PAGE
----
You can buy a gardening hose. Like you're not going to go to harvest or find anything related to gardening. It's all sold out. Wow. Yeah, that makes sense. It's the summer months there as well and pumping that's crazy. We it's the same here with, um, pool chemicals and pool services and people are building pools.

We, we were just going to buy some jet-skis. We. And companies that were doing one thing and then pivot it to enough. Right? So we had a client called Dorma five, which sold dorm room furniture. Right. And all of a sudden, all, all the students were pulled out of the schools, the schools were shut down. Um, so they pivoted and realized, wow, people are going to be working from home.

They're going to be on screen. Now, maybe they need a more comfortable chair, pillow for a picture hanging on the wall. So. It was the same messaging that we then just helped pivot to a work from home kind of environment, as opposed to the dorm room. Uh, you know, and most of the star is able to, to apply.

How is speaking is like working from home. I've been to your offices, it's really this, you feel like you're walking into somebody's home. You guys all are, you know, just loving each other. It's a great culture. Um, obviously it's great leadership. Um, and I know that there's a lot of energy and collaboration that, you know, needs to be there, you know, in person.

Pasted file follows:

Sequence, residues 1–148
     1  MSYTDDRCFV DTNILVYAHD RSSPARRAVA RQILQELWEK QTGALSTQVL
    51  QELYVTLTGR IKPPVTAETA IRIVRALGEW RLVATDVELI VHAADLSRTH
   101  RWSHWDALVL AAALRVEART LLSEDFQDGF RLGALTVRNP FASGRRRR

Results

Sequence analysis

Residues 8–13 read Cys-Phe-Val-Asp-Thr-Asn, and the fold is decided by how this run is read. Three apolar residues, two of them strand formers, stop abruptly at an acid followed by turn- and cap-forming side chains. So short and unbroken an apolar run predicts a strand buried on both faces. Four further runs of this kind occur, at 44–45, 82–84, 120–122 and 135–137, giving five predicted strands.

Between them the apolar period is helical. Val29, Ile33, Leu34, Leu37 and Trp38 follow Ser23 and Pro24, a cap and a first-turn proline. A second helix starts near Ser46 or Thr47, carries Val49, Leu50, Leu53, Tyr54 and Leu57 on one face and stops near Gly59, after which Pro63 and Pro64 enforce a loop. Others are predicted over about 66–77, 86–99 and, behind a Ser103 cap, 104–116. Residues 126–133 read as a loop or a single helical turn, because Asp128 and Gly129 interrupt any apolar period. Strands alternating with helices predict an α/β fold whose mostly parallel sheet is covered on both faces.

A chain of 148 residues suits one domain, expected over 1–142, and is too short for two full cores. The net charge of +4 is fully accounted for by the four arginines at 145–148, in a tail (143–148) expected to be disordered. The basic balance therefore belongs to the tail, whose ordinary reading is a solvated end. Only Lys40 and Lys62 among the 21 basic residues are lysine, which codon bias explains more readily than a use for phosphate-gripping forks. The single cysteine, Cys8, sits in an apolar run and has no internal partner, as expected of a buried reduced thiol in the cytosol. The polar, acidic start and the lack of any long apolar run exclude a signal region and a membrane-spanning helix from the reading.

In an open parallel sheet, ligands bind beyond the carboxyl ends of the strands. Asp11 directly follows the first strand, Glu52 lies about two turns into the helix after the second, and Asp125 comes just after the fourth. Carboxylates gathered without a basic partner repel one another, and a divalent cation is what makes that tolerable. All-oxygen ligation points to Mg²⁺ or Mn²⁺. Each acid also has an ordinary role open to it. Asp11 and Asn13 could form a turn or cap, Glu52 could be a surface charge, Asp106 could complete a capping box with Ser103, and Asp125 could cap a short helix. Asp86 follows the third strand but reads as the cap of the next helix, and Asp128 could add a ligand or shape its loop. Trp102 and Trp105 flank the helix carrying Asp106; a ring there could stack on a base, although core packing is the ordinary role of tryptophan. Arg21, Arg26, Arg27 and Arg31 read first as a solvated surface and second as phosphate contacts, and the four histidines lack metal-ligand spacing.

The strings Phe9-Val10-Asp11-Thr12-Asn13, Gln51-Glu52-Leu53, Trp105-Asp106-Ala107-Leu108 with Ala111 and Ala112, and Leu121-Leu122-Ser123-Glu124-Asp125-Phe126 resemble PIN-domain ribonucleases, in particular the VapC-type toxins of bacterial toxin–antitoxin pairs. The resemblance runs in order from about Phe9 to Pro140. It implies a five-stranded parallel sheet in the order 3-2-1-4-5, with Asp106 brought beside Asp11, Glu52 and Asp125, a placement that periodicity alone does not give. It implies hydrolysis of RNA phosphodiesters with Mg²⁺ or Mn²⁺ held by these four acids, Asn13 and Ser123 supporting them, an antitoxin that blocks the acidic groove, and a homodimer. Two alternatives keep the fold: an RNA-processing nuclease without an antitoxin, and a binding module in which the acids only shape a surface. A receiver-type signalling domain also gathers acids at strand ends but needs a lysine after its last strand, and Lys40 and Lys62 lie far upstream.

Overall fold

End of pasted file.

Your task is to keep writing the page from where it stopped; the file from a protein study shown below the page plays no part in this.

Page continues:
But how have you all adjusted to working from home or do you guys do half it, half home or do you get together? What is the culture at Sasha? Yeah. So, so the interesting part about that, uh, it is, uh, you know, connecting with employees is another one on the list of smart things for small businesses that won't go away.

Okay. Uh, I've never felt more closer to my leadership team than now when I'm apart. Um, and that includes the leadership that I have in Tennessee and leadership that I have in California, as well as new Yorkers. So, uh, we're using a little software called the, uh, an app called Marco polo, where, where we video content and speak through, uh, it's video texting, if you will.

Um, but you know, usually kick off every day with a hears it's sort of a conversation from me to the leadership, which they engage with. Some answer back some, you know, give me a thumbs up emoji or heart or something like that. Obviously. Um, again, twice a week, uh, with my leadership team on a zoom. Um, uh, last week as an example, I engage with what I called my movies.

So for people that I read during the pandemic, who, who only started in the virtual world, right? So, so they never comfortable job at another company. Not, not one of them were unemployed, so they left a comfortable job and another company to come and join this. Originally with meeting nobody but talking heads on the computer.

So, you know, I want to make sure that they were feeling a part of the culture and plugged in. Um, uh, and I said, you guys know I'm the only one to refer to you as newbies everybody, your party, nobody's calling you the new people. You know, I just, that was me as part of, you know, uh, the meeting set up. So, um, Yeah, those are the thing.